I still think the Equifax thing is more egregious: not only did they leak more significant data (if someone wants to steal my identity knowing only my shoe size, good luck to them), but that supposed $125 is only available if (a) they can’t force you into accepting credit monitoring instead and (b) no one else shows up to claim it. Realistically, a few people will get the price of a cheap pizza out of it (with no extra toppings), and everyone else will get jack shit in exchange for Equifax smearing their private details all over the Dark Web.

So long as companies get to write their own settlement terms, and the class action lawyers are primarily concerned with guaranteeing the size of their compensation, we’re going to see more of this.


Eventually corporations are going to start fining the end users for data breaches.


FWIW, these types of coupon settlements are pretty rare now and most courts are not going to approve it. This one may one of the last gasp of this type.

And this is a laughably low settlement amount, but it appears that’s mostly because the facts of the case made it very difficult for the plaintiffs. No negligence found, and no actual harm demonstrated from the breach makes it an uphill fight. The $1.6m in attorneys fees and costs for a case filed in 2012 and taken to the Supreme Court and back means that no attorney is making any real money on this, either. Small consolation for a crappy situation, but there it is.

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Well, yeah. We’re the ones that put them in this jam to begin with. If we hadn’t recklessly filled their databases with sweet, sweet data, no one would hack them.

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I’m reminded of the old and silly lawsuit against Netflix and the phrase “unlimited” DVDs. Netflix settled, I got 2 free DVDs, the person sued got a couple thousand dollars and lawyers made millions. Every class action suit I’ve been involved works out like that.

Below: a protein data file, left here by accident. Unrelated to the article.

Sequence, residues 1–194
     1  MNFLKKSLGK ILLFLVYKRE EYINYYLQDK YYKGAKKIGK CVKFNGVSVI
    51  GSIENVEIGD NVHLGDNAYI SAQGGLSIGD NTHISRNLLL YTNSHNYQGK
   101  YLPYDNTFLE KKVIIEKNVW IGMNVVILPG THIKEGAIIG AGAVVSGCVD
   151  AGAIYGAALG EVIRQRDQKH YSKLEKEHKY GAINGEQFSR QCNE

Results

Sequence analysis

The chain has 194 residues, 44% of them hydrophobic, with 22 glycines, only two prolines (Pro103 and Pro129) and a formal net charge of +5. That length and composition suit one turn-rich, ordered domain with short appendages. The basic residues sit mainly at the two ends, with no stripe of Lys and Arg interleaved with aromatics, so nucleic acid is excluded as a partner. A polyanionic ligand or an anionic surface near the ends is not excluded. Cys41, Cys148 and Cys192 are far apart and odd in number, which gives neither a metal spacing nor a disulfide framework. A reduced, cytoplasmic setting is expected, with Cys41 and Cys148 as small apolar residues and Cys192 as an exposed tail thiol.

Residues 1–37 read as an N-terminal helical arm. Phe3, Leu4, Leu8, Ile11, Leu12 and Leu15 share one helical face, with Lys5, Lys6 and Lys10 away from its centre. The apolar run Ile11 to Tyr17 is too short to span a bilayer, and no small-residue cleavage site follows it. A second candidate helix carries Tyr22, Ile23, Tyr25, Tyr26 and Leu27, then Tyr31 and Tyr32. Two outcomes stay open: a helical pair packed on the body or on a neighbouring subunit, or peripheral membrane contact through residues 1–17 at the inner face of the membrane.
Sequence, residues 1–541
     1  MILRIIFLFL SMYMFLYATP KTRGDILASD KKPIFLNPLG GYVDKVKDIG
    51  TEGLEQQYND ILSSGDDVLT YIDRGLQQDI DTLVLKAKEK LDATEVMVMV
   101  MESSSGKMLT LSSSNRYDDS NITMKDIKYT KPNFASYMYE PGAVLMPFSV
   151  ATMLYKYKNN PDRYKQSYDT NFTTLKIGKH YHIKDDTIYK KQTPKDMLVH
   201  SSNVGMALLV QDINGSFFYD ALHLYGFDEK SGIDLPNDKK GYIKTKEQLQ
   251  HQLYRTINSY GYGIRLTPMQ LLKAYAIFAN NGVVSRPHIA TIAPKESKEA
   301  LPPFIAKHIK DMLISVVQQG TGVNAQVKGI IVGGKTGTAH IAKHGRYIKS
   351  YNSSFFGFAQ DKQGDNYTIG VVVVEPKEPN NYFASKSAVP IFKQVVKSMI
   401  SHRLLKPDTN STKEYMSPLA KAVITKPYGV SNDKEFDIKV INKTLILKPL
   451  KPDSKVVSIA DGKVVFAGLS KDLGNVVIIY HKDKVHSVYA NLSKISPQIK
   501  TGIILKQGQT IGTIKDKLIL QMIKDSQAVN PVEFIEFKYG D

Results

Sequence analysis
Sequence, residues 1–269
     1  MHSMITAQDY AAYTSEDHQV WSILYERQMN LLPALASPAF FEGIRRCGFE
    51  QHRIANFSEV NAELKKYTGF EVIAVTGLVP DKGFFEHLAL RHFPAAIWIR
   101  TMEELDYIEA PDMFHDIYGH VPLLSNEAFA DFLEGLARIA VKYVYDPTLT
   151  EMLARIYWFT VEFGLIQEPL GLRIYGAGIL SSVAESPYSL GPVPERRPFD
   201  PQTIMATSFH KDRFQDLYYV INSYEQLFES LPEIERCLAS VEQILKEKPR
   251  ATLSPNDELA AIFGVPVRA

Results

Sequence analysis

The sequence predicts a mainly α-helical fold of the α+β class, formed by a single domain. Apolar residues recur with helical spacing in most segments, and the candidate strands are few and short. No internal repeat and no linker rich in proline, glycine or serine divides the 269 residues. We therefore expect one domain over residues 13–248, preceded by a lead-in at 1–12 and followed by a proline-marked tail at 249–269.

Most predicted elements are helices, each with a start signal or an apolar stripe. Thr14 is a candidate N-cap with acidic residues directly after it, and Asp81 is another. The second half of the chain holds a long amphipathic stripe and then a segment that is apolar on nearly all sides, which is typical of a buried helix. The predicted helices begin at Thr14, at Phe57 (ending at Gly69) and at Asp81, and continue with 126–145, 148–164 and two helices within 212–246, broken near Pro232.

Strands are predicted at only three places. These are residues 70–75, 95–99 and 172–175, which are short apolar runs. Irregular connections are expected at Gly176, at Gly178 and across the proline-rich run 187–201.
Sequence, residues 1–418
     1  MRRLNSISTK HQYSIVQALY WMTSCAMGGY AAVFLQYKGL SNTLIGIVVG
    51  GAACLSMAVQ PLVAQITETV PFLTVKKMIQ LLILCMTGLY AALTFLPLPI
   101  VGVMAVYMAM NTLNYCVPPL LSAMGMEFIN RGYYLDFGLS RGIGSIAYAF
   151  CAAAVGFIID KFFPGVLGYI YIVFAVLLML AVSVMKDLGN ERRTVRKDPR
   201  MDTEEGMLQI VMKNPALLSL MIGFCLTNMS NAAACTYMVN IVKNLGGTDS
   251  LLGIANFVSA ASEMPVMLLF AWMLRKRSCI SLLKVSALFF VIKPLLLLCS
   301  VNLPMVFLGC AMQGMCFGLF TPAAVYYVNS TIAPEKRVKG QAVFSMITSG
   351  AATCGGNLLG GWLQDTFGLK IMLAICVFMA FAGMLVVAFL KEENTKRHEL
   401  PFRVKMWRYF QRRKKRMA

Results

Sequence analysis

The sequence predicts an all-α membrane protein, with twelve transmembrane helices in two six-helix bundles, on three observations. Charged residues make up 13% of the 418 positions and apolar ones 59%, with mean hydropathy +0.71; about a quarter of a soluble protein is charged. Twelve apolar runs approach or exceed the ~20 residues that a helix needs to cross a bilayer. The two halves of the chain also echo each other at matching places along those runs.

I got the same email.

What surprised me was that I got the email just after browsing shoe options on Zappos for the first time in years. The one time I used them before, the shoes didn’t fit right and I sent them back. I thought I would try them again, but the prices put me off.

It took me a second to realize this was about a settlement to a data breach I wasn’t aware of, and not some escalation of invasive marketing (come back! We will give you 10% off!).

So, yeah, fuck them. They won’t be reward by me for handling my data poorly.


I got one of those settlement notices. There are two different options: you can opt out of the settlement completely by sending a letter saying you want out. You can, alternately, send a letter saying you disagree with the settlement which is frankly a terrible deal. The second option requires you to stay in and accept the crap terms of the original settlement and doesn’t guarantee anything. It’s all legal shenanigans and either thing pretty much means you get the equivalent of a used condom.

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them are some pretty shoes

is this where robocalls come from?

why do you think you’re being involved?